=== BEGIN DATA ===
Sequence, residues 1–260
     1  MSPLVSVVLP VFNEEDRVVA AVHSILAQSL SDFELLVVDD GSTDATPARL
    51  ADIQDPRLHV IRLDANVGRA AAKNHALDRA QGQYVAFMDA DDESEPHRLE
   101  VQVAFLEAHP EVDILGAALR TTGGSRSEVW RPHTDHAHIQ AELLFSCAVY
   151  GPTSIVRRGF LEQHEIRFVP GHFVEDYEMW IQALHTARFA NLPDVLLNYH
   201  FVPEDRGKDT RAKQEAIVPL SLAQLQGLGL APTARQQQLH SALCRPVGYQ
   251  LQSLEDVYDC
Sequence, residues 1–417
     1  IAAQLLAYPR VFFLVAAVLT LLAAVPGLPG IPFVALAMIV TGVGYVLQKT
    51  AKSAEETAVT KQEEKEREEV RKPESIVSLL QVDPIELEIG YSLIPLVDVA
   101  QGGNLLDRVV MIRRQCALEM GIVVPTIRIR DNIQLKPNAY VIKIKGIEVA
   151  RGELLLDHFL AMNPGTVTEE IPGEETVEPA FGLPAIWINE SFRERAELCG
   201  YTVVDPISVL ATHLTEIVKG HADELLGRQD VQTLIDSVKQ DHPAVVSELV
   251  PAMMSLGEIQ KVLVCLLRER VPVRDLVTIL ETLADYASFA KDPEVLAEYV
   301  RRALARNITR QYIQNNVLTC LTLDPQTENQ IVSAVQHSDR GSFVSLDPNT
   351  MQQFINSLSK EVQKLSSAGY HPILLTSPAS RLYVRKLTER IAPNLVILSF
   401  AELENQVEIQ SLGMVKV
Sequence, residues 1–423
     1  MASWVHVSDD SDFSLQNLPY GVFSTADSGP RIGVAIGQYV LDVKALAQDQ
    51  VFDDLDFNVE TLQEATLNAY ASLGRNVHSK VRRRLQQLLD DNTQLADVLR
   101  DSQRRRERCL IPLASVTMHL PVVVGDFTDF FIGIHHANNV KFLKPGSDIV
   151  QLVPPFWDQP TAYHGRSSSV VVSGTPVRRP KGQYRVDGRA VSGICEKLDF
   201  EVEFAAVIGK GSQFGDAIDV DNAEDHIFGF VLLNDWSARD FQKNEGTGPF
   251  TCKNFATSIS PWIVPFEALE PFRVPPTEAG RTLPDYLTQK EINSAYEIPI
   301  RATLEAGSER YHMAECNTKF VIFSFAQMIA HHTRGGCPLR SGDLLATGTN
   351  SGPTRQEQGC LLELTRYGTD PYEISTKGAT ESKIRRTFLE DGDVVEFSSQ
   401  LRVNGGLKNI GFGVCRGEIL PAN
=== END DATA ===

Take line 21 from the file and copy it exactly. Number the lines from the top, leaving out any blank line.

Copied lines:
   101  DSQRRRERCL IPLASVTMHL PVVVGDFTDF FIGIHHANNV KFLKPGSDIV